As you learned in the lesson on basic addressing, memory on modern machines is typically organized into byte-sized pieces, with each piece having a unique address. Up to this point, it has been useful to think of memory as a bunch of cubbyholes or mailboxes where we can put and retrieve information, and variables as names for accessing those cubbyholes or mailboxes.
However, this analogy is not quite correct in one regard — most variables actually take up more than 1 byte of memory. Consequently, a single variable may use 2, 4, or even 8 consecutive memory addresses. The amount of memory that a variable uses is based on it’s data type. Fortunately, because we typically access memory through variable names and not memory addresses, the compiler is largely able to hide the details of working with different sized variables from us.
There are several reasons it is useful to know how much memory a variable takes up.
First, the more memory a variable takes up, the more information it can hold. Because each bit can only hold a 0 or a 1, we say that bit can store 2 values. 2 bits can store 4 different values:
|bit 0||bit 1|
3 bits can store 8 values. n bits can store 2^n values. Because a byte is 8 bits, a byte can store 2^8 (256) values.
The size of the variable puts a limit on the amount of information it can store — variables that are bigger can hold larger numbers. We will address this issue further when we get into the different types of variables.
Second, computers have a finite amount of free memory. Every time we declare a variable, a small portion of that free memory is used as long as the variable is in existence. Because modern computers have a lot of memory, this often isn’t a problem, especially if only declaring a few variables. However, for programs that need a large amount of variables (eg. 100,000), the difference between using 1 byte and 8 byte variables can be significant.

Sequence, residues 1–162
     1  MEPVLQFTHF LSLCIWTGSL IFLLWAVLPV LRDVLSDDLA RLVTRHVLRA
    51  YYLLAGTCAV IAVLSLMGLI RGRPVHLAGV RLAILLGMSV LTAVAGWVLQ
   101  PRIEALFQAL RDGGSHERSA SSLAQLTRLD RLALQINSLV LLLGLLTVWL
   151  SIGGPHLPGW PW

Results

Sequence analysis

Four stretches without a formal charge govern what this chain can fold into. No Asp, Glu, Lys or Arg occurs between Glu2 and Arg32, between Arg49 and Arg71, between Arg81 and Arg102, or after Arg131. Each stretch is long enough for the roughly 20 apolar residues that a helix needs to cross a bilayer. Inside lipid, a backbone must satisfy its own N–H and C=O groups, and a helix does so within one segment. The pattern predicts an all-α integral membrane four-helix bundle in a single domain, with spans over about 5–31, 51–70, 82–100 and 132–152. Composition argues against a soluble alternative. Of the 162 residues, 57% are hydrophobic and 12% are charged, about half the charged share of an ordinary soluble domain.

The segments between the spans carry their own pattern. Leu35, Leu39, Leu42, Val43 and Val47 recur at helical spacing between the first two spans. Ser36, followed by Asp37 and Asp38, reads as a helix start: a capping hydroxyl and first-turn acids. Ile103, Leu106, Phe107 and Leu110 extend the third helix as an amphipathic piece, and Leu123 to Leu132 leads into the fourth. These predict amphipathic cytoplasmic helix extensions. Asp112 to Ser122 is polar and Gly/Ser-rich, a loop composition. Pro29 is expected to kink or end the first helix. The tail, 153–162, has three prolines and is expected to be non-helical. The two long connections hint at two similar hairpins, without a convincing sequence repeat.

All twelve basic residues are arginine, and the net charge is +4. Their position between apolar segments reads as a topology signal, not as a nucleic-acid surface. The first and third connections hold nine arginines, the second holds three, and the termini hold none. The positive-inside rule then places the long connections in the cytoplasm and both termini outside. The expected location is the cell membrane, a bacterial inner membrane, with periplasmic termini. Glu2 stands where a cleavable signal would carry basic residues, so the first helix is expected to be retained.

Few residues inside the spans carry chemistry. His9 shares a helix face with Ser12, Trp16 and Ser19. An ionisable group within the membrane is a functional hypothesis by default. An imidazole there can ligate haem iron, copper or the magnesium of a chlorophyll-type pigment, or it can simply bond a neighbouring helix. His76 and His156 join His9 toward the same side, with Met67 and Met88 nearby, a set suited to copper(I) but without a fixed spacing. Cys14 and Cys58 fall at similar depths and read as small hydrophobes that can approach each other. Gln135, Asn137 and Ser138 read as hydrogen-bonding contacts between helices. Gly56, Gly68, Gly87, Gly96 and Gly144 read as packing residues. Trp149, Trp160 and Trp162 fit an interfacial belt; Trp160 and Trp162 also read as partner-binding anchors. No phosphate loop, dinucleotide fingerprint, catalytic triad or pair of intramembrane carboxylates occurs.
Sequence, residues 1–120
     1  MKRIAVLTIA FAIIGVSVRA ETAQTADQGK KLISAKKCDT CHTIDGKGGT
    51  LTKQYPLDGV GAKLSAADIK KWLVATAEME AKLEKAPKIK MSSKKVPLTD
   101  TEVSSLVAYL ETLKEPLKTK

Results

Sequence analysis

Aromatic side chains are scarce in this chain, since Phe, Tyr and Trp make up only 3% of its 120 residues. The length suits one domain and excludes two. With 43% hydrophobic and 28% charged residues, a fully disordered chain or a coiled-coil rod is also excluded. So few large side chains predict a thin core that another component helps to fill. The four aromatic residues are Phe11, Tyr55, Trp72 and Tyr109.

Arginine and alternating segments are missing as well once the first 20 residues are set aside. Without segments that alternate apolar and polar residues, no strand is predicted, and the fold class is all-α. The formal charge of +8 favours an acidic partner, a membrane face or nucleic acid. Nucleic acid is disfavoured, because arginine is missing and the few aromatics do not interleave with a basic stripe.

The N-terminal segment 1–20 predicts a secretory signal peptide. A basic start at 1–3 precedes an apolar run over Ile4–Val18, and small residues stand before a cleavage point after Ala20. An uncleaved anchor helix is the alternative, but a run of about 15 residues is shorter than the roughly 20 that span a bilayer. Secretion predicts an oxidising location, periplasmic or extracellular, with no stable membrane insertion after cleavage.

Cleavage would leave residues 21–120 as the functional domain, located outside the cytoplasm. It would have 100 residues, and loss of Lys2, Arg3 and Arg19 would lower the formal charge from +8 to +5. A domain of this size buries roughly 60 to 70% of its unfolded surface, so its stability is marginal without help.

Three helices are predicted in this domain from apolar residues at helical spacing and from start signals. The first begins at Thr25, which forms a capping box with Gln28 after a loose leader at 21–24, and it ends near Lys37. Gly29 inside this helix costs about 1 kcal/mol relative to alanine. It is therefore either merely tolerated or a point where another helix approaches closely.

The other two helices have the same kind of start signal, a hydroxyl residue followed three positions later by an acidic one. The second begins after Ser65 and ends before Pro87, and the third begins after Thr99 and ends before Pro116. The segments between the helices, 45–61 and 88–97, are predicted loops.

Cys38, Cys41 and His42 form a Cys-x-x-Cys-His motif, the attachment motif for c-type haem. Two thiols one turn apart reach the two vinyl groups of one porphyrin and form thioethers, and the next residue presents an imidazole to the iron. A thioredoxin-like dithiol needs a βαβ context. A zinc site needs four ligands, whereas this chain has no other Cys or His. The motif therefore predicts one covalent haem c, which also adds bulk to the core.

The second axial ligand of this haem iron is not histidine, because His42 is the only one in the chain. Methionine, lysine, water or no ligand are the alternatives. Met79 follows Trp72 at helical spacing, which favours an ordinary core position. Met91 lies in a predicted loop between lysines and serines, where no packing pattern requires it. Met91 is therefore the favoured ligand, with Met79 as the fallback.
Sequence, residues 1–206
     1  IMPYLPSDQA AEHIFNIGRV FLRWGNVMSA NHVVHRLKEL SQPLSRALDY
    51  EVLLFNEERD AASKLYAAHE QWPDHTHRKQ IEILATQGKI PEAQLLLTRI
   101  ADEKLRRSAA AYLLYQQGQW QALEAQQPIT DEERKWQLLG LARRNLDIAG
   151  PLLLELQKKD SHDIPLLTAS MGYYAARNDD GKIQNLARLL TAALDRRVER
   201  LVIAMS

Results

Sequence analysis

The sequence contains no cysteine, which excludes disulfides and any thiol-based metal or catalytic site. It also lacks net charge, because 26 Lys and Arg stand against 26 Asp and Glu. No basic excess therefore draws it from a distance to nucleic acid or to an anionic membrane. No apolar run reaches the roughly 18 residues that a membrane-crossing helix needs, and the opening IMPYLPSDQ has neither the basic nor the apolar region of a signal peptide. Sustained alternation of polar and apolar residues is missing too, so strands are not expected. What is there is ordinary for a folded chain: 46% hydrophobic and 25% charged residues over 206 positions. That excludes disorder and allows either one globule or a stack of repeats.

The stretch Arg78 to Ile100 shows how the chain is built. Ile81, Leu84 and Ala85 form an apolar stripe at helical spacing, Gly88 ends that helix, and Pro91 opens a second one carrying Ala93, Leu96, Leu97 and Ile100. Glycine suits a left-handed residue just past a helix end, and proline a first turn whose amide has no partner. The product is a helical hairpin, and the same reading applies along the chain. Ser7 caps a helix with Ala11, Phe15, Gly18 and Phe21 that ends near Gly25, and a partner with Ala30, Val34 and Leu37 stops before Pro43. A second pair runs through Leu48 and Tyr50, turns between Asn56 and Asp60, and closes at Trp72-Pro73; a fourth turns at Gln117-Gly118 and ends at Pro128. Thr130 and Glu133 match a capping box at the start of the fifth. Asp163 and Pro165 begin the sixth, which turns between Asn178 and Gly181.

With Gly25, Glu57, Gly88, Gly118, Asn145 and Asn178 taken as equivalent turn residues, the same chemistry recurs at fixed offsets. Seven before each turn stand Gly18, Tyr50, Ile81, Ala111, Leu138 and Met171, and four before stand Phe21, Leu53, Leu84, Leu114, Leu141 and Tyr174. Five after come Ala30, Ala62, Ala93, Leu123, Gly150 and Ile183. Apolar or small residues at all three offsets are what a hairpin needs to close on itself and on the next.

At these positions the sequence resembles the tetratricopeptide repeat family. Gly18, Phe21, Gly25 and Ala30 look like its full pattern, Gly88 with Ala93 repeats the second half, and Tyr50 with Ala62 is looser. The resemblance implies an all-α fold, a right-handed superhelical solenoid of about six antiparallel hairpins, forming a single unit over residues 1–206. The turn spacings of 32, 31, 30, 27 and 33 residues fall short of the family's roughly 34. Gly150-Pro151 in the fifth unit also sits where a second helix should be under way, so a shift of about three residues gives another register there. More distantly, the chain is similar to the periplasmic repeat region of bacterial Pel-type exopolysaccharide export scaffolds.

The obvious next question is “how much memory do variables of different data types take?”. The size of a given data type is dependent on the compiler and/or the computer architecture. On most 32-bit machines (as of this writing), a char is 1 byte, a bool is 1 byte, a short is 2 bytes, an int is 4 bytes, a long is 4 bytes, a float is 4 bytes, and a double is 8 bytes.
In order to determine the size of data types on a particular machine, C++ provides an operator named sizeof. The sizeof operator is a unary operator that takes either a type or a variable, and returns its size in bytes. You can compile and run the following program to find out how large your data types are:
using namespace std;
cout << "bool:\t\t" << sizeof(bool) << " bytes" << endl;
cout << "char:\t\t" << sizeof(char) << " bytes" << endl;
cout << "wchar_t:\t" << sizeof(wchar_t) << " bytes" << endl;
cout << "short:\t\t" << sizeof(short) << " bytes" << endl;
cout << "int:\t\t" << sizeof(int) << " bytes" << endl;
cout << "long:\t\t" << sizeof(long) << " bytes" << endl;
cout << "float:\t\t" << sizeof(float) << " bytes" << endl;
cout << "double:\t\t" << sizeof(double) << " bytes" << endl;
cout << "long double:\t" << sizeof(long double) << " bytes" << endl;
Here is the output from the author’s Pentium 4 machine, using Visual Studio 2005 Express:
bool: 1 bytes char: 1 bytes wchar_t: 2 bytes short: 2 bytes int: 4 bytes long: 4 bytes float: 4 bytes double: 8 bytes long double: 8 bytes
Your results may vary if you are using a different type of machine, or a different compiler.
If you’re wondering what t is in the above program, it’s a special symbol that inserts a tab. We will cover t and other special symbols when we talk about the char data type.
Interestingly, the sizeof operator is one of only three operators in C++ that is a word instead of a symbol. The other two are new and delete.
You can also use the sizeof operator on a variable name:
cout << "x is " << sizeof(x) << " bytes"<<endl;
x is 4 bytes
Now you know enough about variables that we can start discussing the different data types!
|2.4 — Integers|
|2.2 — Keywords and naming identifiers|